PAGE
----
Sorry, you need to enable JavaScript to visit this website.

Teaching

  • A project suitable for use as a first and last assignment given in an introductory experimental design course is outlined, and its implementation is discussed.

  • This article presents selected results from the fall 1995 Conference Board of the Mathematical Sciences (CBMS) survey about statistics courses, faculty, and degrees in departments of statistics, departments of mathematics or mathematical sciences, and in mathematics programs at two-year colleges.

  • This paper describes the student projects we have used in both introductory and in second-level statistics classes. It addresses the issues of motivating, monitoring, and evaluating student projects, and it discusses some special considerations student projects present for instructors using them.

  • This paper discusses the topic of assessment in statistics. It focuses on what assessment is, what traditional ways have been used to assess statistics learning, goals for statistics learners, the need for alternative assessment approaches, assessment challenges, and the use of technology in assessment.

  • Einstein called special physics experiments that he did in his head gedankenexperiments (which means "thought experiments"). Can such mental experiments, or simulations, be used in statistics? In this article, I'll provide some examples of how gedankensimulation can be be used either to illustrate an important idea or to help solve problems in probability and statistics.

  • This report talks about ways to assess statistics courses in order to learn more about ways to teach effectively.

  • Our purpose was to introduce and explore a dynamic and interactive way of teaching a complex concept in statistics. Our research has used small sample sizes and single class presentations. The findings are far from definitive and conclusive. Future research needs to contrast the use of Power Simulator with instruction where the software is not used. This would be informative for comparison of both classroom presentations and out-of-class assignments. As for now, the results suggest that Power Simulator povides an effective way to introduce students to the complex concept of statistical power analysis. We are encouraged by the results to continue development of the program and find new ways to incorporate the methodology into statistics instruction.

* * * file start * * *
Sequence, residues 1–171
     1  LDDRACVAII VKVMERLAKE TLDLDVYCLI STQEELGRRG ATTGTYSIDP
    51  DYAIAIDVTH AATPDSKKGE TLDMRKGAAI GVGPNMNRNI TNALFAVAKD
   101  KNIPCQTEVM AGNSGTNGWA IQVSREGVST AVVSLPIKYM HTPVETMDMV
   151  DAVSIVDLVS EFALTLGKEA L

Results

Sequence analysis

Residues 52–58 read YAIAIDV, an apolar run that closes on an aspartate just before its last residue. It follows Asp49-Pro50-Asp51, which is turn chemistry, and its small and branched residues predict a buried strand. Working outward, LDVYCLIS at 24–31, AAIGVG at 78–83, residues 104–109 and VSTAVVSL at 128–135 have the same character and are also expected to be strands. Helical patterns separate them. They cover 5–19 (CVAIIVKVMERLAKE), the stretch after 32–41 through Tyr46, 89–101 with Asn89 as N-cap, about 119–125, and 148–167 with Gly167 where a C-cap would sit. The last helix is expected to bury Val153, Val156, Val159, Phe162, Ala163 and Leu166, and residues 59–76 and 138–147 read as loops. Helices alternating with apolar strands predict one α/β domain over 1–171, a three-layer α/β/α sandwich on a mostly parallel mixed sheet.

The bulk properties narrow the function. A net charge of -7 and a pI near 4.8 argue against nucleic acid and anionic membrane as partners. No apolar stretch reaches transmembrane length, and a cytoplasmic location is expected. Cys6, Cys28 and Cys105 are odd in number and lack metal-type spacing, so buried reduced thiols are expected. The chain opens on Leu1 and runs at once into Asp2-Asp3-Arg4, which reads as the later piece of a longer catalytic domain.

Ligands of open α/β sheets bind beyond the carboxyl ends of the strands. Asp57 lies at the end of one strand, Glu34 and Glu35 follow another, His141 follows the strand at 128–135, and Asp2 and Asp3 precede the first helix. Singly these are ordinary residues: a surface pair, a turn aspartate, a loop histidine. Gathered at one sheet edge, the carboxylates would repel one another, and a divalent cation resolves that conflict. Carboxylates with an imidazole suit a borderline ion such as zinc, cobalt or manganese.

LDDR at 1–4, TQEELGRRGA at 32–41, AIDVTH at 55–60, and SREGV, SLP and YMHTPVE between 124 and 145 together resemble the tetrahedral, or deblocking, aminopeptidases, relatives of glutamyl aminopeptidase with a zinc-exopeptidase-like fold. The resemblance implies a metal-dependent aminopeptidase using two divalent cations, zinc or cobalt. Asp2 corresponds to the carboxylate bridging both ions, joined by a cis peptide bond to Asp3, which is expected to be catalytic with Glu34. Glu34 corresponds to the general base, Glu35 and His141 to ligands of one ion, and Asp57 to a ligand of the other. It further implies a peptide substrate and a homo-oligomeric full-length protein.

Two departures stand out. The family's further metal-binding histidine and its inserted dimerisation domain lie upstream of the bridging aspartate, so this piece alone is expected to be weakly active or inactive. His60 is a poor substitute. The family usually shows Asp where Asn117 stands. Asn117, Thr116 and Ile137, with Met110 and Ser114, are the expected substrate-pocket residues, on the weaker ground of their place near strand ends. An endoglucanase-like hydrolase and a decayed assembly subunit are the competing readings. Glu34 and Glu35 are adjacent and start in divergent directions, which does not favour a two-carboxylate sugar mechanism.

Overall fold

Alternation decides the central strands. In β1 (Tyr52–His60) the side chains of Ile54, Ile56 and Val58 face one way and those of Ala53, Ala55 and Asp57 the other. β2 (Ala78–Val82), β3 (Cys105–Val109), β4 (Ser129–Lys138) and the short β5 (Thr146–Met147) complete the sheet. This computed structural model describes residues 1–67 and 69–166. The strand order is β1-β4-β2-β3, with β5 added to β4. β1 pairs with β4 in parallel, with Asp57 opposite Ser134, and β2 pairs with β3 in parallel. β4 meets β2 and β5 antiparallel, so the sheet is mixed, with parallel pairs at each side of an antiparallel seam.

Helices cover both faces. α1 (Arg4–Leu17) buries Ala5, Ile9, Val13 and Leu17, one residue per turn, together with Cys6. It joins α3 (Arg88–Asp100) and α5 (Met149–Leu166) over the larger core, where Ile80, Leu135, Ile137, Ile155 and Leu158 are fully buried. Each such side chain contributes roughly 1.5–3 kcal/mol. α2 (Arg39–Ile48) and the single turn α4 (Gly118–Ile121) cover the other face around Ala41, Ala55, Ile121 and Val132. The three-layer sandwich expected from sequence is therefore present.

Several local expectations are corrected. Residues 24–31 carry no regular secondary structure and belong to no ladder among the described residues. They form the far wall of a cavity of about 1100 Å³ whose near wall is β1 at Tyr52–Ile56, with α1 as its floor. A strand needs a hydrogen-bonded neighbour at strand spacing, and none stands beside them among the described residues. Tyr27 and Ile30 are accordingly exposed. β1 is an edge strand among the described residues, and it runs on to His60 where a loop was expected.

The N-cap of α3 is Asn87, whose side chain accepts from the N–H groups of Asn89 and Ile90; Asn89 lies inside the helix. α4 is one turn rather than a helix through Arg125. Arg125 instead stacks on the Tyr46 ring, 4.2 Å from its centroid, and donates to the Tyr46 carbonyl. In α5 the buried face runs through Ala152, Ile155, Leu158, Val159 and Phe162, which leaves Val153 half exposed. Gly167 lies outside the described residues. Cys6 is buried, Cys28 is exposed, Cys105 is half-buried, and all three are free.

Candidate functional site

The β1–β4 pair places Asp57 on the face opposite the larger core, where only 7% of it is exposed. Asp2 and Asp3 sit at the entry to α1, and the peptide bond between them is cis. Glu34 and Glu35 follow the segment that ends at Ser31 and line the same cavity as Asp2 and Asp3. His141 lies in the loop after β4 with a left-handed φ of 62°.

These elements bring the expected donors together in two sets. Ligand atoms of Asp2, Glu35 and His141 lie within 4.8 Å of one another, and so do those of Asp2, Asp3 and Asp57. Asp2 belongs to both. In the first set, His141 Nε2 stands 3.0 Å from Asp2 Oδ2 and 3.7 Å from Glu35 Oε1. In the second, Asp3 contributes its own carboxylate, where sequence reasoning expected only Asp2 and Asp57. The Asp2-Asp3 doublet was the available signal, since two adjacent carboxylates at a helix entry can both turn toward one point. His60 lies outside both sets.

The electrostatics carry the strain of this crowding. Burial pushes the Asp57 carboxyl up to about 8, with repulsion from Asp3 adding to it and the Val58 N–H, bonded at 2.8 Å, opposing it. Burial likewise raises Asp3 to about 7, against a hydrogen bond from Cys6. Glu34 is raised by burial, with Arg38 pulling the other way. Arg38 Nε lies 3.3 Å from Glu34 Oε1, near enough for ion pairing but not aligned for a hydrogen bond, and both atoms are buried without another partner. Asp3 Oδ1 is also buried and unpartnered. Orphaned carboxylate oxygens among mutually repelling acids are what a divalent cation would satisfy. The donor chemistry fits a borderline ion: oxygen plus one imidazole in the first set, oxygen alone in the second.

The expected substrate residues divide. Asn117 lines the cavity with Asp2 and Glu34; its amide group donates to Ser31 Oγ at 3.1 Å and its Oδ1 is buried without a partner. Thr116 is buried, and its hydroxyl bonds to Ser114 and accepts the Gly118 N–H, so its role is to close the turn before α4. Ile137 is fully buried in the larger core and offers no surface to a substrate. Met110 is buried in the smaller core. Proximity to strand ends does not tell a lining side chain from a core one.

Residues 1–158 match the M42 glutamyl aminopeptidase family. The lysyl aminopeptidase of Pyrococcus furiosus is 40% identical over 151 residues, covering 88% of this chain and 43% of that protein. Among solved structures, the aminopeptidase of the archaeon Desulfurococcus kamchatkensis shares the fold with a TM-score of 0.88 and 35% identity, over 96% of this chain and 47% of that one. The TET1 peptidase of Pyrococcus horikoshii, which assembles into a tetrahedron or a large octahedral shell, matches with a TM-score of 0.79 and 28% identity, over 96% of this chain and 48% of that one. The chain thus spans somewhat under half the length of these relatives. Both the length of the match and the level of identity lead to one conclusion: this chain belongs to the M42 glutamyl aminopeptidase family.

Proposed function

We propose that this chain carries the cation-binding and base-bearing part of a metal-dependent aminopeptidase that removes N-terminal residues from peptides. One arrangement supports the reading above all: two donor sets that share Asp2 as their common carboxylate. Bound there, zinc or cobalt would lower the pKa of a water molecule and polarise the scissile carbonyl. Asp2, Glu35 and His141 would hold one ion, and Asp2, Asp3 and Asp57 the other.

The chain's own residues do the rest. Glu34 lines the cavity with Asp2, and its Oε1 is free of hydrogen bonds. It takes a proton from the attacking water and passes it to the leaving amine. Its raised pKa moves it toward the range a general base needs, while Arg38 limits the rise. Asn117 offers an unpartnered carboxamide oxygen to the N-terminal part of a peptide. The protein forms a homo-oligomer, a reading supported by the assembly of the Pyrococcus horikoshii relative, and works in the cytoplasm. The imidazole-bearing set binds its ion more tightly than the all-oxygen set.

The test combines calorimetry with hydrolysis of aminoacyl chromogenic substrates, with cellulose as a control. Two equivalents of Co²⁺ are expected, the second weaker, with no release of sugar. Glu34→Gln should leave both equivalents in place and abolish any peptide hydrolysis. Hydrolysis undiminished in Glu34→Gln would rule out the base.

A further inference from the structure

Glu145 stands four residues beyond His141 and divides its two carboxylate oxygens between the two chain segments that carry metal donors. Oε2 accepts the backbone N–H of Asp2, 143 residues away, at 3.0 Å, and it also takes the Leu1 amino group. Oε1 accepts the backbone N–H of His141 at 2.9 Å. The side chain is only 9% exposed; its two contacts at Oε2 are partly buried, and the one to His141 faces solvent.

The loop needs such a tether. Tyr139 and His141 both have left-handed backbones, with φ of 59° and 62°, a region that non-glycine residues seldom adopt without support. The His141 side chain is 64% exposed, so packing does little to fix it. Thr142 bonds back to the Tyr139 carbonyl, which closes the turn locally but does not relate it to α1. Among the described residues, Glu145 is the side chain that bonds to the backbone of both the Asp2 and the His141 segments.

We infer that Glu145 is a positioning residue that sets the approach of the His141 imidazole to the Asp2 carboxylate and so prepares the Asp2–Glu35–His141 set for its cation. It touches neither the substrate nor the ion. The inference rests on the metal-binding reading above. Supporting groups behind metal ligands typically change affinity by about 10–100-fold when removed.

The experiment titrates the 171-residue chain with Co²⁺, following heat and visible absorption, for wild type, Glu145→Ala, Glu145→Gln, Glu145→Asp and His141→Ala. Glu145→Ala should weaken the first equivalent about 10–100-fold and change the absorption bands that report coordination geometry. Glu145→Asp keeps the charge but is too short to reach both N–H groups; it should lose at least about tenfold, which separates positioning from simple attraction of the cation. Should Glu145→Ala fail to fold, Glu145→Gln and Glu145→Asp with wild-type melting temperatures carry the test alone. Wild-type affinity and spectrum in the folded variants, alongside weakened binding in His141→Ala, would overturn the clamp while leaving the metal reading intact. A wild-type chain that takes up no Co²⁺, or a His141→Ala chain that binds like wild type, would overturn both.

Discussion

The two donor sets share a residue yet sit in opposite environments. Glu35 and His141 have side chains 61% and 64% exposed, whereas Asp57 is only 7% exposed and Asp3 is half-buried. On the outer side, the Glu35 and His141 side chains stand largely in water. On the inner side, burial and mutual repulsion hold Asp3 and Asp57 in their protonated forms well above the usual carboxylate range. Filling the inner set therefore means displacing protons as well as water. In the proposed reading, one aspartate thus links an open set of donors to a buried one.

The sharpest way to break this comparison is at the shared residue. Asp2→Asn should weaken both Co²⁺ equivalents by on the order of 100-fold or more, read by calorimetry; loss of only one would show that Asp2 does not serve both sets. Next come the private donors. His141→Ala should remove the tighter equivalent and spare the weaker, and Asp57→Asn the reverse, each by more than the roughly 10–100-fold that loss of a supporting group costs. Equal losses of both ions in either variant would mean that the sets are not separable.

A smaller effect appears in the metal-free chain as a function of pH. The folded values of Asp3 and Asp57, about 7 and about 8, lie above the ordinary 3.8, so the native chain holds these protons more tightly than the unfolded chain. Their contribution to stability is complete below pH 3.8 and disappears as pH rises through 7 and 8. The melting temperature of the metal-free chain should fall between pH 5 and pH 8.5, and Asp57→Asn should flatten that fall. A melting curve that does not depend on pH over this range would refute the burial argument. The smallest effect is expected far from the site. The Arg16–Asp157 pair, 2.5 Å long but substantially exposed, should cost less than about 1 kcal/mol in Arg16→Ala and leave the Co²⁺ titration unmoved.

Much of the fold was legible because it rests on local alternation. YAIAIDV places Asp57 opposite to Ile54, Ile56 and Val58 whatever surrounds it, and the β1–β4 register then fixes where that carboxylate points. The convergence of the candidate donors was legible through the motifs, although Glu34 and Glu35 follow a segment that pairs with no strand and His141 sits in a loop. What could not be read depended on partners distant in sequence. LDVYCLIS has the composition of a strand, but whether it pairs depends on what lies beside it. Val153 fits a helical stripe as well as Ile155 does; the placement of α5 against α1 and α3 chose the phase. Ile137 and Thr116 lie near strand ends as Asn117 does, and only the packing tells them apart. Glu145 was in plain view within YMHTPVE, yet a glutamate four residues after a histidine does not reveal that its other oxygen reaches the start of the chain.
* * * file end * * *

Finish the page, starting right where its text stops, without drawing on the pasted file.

• In this article we present an approach for teaching and learning statistical concepts by implementing computer-assisted hands-on activities that emphasize the process of guided learning and discovery knowledge.

  • PACE stands for projects, activities, class lectures, and exercises. The approach begins with in-class hands-on activities and cooperative team work. The class lectures are organized to provide the basic concepts and guide students through the activities using team work and computer to help students understand the concepts and problem-solving strategies. Projects are self-selected by students under some guidance provided by the instructor. Report writing and oral presentations are emphasized. This article reports an assessment of the PACE model applied in an introductory statistics class.

  • In the past decade there has been a substantial increase in the number of introductory statistics courses taught at the undergraduate level. Many have argued successfully for the extensive use of writing in such courses in an attempt to highlight the interdisciplinary role of statistics and acknowledge that a good statistician must also be good at summarizing his or her analyses to nonstatisticians. This point was made by Radke-Sharpe, who went on to add that incorporating writing demands time, energy, and creativity, but that it is usually well worth the effort. This article discusses the efforts made by the authors to include writing in their courses, and some of the techniques that made the writing process painless and productive for both students and faculty.

Pages

list